Art review: Joan Eardley - A Sense of Place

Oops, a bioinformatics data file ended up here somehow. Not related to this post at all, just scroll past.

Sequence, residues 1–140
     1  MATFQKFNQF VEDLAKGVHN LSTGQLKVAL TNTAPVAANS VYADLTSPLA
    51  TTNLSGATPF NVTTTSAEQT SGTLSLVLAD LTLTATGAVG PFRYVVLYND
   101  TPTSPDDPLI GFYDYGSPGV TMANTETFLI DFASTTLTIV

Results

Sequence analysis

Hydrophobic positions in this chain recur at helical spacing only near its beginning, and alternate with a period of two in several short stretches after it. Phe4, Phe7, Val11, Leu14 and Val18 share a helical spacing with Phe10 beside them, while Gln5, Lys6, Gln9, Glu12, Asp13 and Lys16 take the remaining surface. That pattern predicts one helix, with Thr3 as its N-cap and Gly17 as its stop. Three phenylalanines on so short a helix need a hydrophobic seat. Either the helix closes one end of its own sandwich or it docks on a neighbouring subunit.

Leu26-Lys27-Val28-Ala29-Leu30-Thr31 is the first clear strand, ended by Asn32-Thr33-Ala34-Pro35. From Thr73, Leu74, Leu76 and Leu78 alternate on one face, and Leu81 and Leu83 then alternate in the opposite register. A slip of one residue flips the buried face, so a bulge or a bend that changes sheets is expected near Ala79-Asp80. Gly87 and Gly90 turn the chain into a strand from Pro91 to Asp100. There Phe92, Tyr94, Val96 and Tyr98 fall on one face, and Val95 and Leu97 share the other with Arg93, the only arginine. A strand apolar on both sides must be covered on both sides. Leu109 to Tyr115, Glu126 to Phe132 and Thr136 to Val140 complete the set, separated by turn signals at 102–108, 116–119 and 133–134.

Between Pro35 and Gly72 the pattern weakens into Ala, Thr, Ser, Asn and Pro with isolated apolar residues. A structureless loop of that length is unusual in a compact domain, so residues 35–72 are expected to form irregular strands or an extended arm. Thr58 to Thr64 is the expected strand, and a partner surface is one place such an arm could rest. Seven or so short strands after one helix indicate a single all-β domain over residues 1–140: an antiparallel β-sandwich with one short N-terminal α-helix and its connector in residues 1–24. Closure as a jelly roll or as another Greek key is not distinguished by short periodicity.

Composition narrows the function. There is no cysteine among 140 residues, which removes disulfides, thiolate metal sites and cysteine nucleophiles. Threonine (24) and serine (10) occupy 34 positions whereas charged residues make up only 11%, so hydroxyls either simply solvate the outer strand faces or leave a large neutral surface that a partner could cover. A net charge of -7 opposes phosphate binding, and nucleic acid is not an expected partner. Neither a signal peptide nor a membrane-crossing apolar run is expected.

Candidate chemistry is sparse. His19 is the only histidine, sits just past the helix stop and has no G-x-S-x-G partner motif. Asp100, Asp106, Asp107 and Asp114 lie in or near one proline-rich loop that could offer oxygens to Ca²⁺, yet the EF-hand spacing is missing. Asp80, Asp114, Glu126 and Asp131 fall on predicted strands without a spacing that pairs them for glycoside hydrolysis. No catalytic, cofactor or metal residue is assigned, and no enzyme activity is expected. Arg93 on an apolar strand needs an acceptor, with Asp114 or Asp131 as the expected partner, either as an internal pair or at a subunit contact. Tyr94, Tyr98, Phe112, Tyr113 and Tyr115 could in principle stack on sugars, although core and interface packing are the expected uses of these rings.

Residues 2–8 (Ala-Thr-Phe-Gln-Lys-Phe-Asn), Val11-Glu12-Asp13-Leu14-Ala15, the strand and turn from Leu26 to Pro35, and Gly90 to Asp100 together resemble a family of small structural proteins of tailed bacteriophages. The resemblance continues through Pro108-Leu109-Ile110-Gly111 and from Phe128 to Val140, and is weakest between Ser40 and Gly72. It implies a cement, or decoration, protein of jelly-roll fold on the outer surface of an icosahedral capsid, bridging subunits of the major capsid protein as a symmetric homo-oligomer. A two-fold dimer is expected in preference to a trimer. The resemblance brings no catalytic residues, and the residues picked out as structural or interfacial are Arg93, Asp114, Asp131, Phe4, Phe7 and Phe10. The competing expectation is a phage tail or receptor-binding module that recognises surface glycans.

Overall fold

In 1951 an abstract painting by William Gear won top prize in a major Festival of Britain competition and the letters pages of the broadsheets blazed with outrage. Abstract art before the war was cool and manageable, the butt of jokes in Punch, but nothing worse. Post-war it was wild, anarchic and threatening and – worse still – it came from the Continent (distant premonitions of Brexit perhaps?) Although it was Scots like Gear, Alan Davie and Eduardo Paolozzi who led a new, radical approach in the south, even there it was a challenge. Back home in Scotland, it was much more difficult. This was a recipe for a very timid kind of modernism and that mostly is what we got. Joan Eardley was not intimidated, however. Her art blazed with courage as brightly as the letters pages had blazed with indignation at Gear’s success. And Eardley went further. She did not simply follow fashion to become a provincial practitioner of a style borrowed from far away. Through exhibitions at the SSA and the RSA, the new, abstract and expressionist style of painting coming out of Paris was familiar in Scotland. (American painting came here later.) In 1958 an exhibition in the RSA of the Moltzau Collection was the biggest display of abstract art ever seen in Scotland. Eardley learnt from what she saw and incorporated its freedoms into a style that was powerful and entirely her own and the title of the new show at the Gallery of Modern Art, Joan Eardley: A Sense of Place, identifies – as the exhibition brilliantly illuminates – a key aspect of her originality. However free and apparently abstract she became, her art remained firmly rooted in the specific characteristics of the people and places around her. It was not that she timidly clung to the shore, rather than risk the wild waters of abstract expressionism. She struck out across them, but on a course that was her own. Although she was only 42 when she died, the show also demonstrates how rapidly her art developed, absorbing and digesting new influences all the time, but keeping its own unique trajectory.